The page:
Psychological terms introduced by rogers

Rogers emphasized the importance of the self and the therapeutic relationship. Some of the psychological terms suggested by Rogers that are now accepted and used in modern psychology are:

The core conditions: These are the three essential elements that a therapist must provide for a client to facilitate positive change. They are empathy (the ability to understand and share the client’s feelings), congruence (the authenticity and honesty of the therapist), and unconditional positive regard (the acceptance and respect of the client without judgment). Rogers believed that these conditions were necessary and sufficient for therapeutic personality change (Rogers, 1957).

He proposed that there are seven stages of process that clients go through in therapy, from being rigid and defensive to being open and flexible.

The self-concept: This is the view that a person has of themselves, which includes their self-image (how they see themselves), their self-esteem (how much value they place on themselves), and their ideal self (the person they aspire to be). Rogers thought that the self-concept was influenced by the feedback and expectations of others, and that a discrepancy between the self-concept and the ideal self could lead to psychological distress. He also proposed that people have a basic need for Self-actualization, which is the fulfilment of their potential (Rogers, 1959).

The humanistic theory of self: This is a broader perspective on human nature that emphasizes the inherent goodness, creativity, and freedom of human beings. Rogers argued that people are not determined by their past or their environment, but have the ability to choose their own direction and values. He also suggested that people have an innate tendency towards growth and development, which he called the actualizing tendency. The humanistic theory of self assumes that people are motivated by their subjective experience of reality, rather than by objective facts or external forces (Rogers, 1961).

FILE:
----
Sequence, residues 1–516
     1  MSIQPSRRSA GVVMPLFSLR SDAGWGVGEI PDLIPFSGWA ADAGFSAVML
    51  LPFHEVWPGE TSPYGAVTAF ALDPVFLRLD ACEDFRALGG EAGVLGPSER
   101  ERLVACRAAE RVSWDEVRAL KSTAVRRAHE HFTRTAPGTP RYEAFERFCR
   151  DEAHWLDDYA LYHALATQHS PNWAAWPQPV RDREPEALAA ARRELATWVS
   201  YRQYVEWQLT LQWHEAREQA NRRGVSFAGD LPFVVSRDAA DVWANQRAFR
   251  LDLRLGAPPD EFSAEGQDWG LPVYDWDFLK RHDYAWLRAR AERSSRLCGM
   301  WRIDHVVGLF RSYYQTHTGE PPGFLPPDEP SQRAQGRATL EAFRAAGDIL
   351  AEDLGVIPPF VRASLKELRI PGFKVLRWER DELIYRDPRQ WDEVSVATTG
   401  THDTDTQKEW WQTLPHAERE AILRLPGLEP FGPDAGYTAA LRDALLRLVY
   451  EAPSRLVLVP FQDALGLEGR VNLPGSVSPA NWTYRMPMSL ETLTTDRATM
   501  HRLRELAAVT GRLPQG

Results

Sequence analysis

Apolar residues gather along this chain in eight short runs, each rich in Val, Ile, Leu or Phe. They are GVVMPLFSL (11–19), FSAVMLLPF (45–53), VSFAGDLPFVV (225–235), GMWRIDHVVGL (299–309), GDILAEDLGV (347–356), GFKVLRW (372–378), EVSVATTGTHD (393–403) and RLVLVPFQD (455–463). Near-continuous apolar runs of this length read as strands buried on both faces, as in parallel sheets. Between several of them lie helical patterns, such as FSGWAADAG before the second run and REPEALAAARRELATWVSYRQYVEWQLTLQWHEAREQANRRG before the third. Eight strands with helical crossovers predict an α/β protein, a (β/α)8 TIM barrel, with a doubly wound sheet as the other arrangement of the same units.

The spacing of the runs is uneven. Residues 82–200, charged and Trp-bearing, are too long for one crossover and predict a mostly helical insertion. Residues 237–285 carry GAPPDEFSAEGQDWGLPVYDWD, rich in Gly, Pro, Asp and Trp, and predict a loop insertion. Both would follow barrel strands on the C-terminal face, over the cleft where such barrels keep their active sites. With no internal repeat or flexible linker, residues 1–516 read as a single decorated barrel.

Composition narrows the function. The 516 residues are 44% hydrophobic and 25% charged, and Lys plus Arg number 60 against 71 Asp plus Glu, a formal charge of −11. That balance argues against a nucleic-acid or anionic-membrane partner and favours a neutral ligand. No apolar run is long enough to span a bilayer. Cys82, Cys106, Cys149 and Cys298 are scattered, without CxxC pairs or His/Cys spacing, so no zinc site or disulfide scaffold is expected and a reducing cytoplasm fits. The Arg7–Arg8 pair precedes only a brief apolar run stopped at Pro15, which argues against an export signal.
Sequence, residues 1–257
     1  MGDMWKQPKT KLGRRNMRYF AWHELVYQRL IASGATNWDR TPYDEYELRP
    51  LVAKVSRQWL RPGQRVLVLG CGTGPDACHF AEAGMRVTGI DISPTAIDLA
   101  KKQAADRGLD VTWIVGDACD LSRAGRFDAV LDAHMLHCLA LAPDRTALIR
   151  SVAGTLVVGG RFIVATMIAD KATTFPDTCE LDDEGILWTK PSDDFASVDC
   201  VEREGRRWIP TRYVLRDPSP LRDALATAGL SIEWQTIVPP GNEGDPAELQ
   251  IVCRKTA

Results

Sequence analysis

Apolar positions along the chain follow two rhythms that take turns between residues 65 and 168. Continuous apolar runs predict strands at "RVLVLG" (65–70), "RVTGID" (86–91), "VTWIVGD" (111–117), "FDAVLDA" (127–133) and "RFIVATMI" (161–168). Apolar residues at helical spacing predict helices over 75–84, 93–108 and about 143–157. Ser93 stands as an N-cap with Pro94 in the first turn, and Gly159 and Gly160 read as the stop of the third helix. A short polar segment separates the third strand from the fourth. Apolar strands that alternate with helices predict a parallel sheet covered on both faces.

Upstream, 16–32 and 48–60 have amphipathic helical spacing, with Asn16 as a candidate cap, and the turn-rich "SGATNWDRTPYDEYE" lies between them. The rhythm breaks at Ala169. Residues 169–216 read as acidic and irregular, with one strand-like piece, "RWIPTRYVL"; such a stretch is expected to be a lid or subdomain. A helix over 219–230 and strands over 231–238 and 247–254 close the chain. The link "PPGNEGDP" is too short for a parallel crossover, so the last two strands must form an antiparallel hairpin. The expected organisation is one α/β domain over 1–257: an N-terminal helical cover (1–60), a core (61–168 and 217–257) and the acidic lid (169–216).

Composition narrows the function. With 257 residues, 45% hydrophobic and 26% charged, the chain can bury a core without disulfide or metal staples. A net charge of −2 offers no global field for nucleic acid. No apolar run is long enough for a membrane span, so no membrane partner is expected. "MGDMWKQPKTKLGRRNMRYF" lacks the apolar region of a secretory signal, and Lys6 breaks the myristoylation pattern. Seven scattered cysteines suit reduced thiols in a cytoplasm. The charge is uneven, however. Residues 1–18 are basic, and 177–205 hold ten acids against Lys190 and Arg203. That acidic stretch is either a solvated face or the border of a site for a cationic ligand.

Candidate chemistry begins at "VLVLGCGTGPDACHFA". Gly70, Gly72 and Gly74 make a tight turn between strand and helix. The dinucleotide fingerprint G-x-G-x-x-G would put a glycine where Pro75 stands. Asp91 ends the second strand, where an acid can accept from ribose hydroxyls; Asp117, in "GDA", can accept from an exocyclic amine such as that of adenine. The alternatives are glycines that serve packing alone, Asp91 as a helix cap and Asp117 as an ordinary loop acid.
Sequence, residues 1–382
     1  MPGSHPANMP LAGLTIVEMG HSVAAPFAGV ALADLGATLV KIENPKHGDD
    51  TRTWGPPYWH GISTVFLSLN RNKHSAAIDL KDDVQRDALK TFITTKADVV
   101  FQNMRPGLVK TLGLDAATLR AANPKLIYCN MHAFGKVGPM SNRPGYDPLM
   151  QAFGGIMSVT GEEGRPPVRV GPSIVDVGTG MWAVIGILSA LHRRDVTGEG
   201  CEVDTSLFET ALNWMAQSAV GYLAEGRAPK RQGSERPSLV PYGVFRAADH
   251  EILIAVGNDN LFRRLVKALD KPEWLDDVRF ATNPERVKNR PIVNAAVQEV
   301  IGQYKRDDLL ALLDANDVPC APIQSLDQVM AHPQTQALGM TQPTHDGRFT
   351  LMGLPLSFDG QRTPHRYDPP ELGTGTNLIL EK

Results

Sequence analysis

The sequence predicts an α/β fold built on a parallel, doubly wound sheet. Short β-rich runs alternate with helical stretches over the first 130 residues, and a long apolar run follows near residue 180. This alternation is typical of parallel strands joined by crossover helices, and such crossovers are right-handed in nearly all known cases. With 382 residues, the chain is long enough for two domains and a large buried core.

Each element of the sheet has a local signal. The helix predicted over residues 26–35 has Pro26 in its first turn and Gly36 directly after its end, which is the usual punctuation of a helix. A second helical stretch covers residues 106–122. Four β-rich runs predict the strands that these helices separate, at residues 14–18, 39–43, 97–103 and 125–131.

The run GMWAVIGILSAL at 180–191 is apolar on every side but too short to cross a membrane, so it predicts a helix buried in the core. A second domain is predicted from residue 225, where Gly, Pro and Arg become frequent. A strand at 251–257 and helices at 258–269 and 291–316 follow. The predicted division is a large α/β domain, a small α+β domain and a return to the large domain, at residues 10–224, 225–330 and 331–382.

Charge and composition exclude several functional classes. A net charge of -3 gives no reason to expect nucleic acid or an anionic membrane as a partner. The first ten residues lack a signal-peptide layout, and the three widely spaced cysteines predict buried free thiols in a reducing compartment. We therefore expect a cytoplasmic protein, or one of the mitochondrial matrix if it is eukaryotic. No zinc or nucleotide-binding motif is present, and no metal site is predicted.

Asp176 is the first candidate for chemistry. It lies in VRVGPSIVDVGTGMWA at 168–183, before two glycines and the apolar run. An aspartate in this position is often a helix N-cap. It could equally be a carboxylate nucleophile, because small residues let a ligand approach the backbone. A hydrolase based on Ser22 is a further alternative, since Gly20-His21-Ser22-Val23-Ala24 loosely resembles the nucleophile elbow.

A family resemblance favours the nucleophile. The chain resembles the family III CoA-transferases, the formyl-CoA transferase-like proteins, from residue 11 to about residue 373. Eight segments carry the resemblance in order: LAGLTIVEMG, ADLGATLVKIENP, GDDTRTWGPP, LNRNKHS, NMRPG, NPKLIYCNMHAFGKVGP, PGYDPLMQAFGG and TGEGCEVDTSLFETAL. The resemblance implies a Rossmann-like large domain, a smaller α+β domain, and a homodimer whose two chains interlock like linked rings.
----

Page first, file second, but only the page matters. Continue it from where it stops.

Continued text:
Actualizing tendency is the innate drive that motivates people to achieve their full potential, according to Rogers. He believed that people are inherently good and creative, and that they can overcome their difficulties if they are in a supportive environment that fosters their growth.

Congruence is a term that refers to the alignment between one’s self-image and one’s ideal-self, as proposed by Rogers (1959). A self-image is how one perceives oneself, while an ideal self is how one would like to be. Rogers argued that psychological health depends on the degree of congruence between these two aspects of the self. The more congruent they are, the more fully functioning the individual is.

Rogers (1961) stated that “the most constructive way of life is one directed by an inner voice rather than by external pressures” (p. 26). He believed that congruence facilitates this kind of authentic living because it allows the individual to express their true self without fear of rejection or criticism. Congruence also fosters positive regard, which is the acceptance and appreciation of oneself and others.

An example of congruence in relation to the fully functioning individual is someone who pursues their passion or calling, regardless of social norms or expectations. They are confident in their abilities and values, and they do not compromise their integrity for external rewards. They are happy with who they are and what they do, and they inspire others to do the same.